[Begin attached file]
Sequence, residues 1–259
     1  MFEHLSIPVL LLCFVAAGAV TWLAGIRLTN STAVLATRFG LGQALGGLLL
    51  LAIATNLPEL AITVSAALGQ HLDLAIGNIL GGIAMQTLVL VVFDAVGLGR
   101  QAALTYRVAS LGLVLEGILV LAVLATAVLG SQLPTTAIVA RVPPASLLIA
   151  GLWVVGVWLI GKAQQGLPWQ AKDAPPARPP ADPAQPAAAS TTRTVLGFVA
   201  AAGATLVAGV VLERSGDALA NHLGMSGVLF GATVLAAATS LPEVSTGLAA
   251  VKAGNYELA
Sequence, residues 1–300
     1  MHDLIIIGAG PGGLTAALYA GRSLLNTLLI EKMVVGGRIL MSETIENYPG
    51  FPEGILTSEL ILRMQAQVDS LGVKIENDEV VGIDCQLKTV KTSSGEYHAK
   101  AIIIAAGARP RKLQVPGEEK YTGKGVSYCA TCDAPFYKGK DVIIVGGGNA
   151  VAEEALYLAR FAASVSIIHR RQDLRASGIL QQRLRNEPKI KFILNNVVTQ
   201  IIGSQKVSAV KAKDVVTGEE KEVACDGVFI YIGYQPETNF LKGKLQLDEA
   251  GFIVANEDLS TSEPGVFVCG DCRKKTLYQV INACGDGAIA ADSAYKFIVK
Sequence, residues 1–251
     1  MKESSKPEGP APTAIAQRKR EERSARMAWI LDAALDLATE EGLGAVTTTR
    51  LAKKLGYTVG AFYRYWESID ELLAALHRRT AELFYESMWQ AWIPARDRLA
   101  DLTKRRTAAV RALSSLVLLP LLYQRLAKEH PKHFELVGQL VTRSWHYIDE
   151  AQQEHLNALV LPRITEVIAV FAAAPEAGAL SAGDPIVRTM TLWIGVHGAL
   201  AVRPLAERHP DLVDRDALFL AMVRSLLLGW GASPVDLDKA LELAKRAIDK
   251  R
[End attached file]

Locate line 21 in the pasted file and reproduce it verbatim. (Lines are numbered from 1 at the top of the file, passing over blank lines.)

   251  R